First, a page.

"You're digging a river to go under this bridge? Why didn't you just build the bridge over an existing river?" The troll opened his mouth, then closed it. This had apparently never occurred to him. He opened his mouth again, then placed a finger against pursed lips, thinking. He leaned heavily on the bridge, writing little proofs and figures on his palm with an outstretched finger. Finally, he broke into a huge, tusky smile so horrifying Tenebral considered calling for the police.
"There wasn't a river here before, now there is. Now that there's a river, there's a demand from YOU to cross it, which I can supply with this bridge. QED, I built a bridge. Problem solved."
"But you created the problem."
"And aren't you glad I solved it?"
“Well, I can’t very well go back on the path, it’s been barricaded.”
“Couldn’t be helped, I needed someplace to put all those trees I knocked down to build that barricade.” The troll sounded so sure of himself that Tenebral began to worry that maybe this was sound logic.
“Alright then, what’s to stop me going around the barricade?” At this, the troll began pretending to inspect his nailbeds, which might have been a jarring display of impatience had he not been in possession of nails that lived up to their name; his manicurist was presumably also a carpenter.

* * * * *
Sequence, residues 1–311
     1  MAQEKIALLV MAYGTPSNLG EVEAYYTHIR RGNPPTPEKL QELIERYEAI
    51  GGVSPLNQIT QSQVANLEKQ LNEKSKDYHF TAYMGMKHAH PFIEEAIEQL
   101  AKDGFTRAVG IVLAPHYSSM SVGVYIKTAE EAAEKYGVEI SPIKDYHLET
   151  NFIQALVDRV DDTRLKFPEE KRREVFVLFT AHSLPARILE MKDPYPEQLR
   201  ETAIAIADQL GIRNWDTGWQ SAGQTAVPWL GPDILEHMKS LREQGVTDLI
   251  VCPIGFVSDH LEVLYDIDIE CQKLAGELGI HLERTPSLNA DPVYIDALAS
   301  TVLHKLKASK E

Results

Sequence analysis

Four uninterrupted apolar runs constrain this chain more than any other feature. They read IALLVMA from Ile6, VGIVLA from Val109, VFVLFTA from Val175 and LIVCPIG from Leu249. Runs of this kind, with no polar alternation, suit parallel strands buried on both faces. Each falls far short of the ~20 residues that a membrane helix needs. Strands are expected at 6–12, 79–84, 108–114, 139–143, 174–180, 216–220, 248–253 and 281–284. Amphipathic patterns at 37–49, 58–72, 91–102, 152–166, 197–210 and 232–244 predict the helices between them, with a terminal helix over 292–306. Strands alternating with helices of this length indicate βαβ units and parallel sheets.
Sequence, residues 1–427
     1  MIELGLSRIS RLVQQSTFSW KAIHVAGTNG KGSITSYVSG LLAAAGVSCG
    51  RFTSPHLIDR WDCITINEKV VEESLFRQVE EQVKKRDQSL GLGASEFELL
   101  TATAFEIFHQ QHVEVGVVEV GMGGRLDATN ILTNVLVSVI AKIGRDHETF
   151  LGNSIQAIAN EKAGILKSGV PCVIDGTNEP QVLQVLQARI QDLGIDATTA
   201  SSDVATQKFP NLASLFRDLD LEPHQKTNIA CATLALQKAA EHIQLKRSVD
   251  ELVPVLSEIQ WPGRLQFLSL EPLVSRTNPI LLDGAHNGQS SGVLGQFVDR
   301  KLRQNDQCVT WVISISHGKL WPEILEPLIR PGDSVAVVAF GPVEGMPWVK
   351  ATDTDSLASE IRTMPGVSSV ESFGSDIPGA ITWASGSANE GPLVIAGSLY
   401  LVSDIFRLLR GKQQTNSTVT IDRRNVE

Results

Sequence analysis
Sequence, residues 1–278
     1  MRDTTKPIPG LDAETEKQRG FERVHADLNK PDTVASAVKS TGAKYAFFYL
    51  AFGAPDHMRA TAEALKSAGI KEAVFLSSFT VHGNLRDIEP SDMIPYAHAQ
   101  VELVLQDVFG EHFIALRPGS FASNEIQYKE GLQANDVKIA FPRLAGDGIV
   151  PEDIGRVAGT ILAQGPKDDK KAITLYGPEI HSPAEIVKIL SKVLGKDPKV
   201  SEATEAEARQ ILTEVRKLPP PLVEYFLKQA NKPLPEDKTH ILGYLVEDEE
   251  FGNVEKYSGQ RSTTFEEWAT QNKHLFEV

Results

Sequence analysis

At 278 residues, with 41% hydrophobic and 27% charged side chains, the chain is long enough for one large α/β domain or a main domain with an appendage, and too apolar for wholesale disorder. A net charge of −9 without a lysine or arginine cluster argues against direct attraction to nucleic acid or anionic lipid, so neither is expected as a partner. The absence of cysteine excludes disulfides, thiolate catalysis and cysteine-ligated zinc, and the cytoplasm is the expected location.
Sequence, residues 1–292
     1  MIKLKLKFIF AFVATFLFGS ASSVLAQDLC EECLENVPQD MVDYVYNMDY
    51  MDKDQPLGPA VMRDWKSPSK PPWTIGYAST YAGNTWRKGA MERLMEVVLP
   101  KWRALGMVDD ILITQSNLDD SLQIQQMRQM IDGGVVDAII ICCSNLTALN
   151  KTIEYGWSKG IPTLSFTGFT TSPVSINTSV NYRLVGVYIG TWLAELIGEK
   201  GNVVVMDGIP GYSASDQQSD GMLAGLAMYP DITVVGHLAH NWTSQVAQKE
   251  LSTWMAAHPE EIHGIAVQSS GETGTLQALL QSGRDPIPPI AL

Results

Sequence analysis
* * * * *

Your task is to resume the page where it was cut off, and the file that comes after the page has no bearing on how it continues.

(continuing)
Tenebral crossed his arms over his chest. “Well?”
“The old path is flooded, too. The river burst its banks and swamped the whole road. You can go that way, but really I’m doing you a service!” The troll’s eyes lit up, as if he suddenly realized that it was the truth.
Tenebral frowned. “What’s the toll, then?”
“Seventy brass coins. No slugs or tokens.”
“Seventy? Do I look like I even have seven brass coins?” Tenebral seized his jacket and held it out dramatically; it did an excellent impression of a window. The he held out his satchel, empty except for the tin of tea, a wedge of sweating cheese and his last biscuit.
“Well, that’s the toll. Pay to troll his toll, and you can pass.”
Tenebral frowned. “Do you know about the tea trade?”
“Betrayed? Sure! I’ve betrayed lots of people.”
“What? No. Wrong letter. Tea trade. That you drink. Fellows made a crazy fortune at it across the Ocean. Raised a whole fleet of ships, practically their own army, too. Just by trading tea.”
The troll’s eyebrow had knit itself into a sweater, now.
“Oh, lots of things! Other tea. Land. Safe passage. But I’m sorry, I haven’t got the seventy brass. I guess I’ll just risk it in the swamp.” Tenebral turned around and began to walk away.
“Wait! They had land? Land they could build bridges on?” Tenebral swivelled back.
“Alright, tell you what. I’ll make you a deal. You give me all the tea you have on you, and I’ll let you take safe passage.”
Tenebral shook his head. “This tea? I’ll have you know I was going to give this to the Abbot at Aacer Tue.”
“He’ll have to do without, because you won’t cross this bridge unless you give me all your tea.” Tenebral stamped his foot. “That’s not a fair trade! No, at least give me a cup of your tea. Then it’ll be a fair trade, and at least I can make my excuses to the abbot.”
The troll nodded slowly.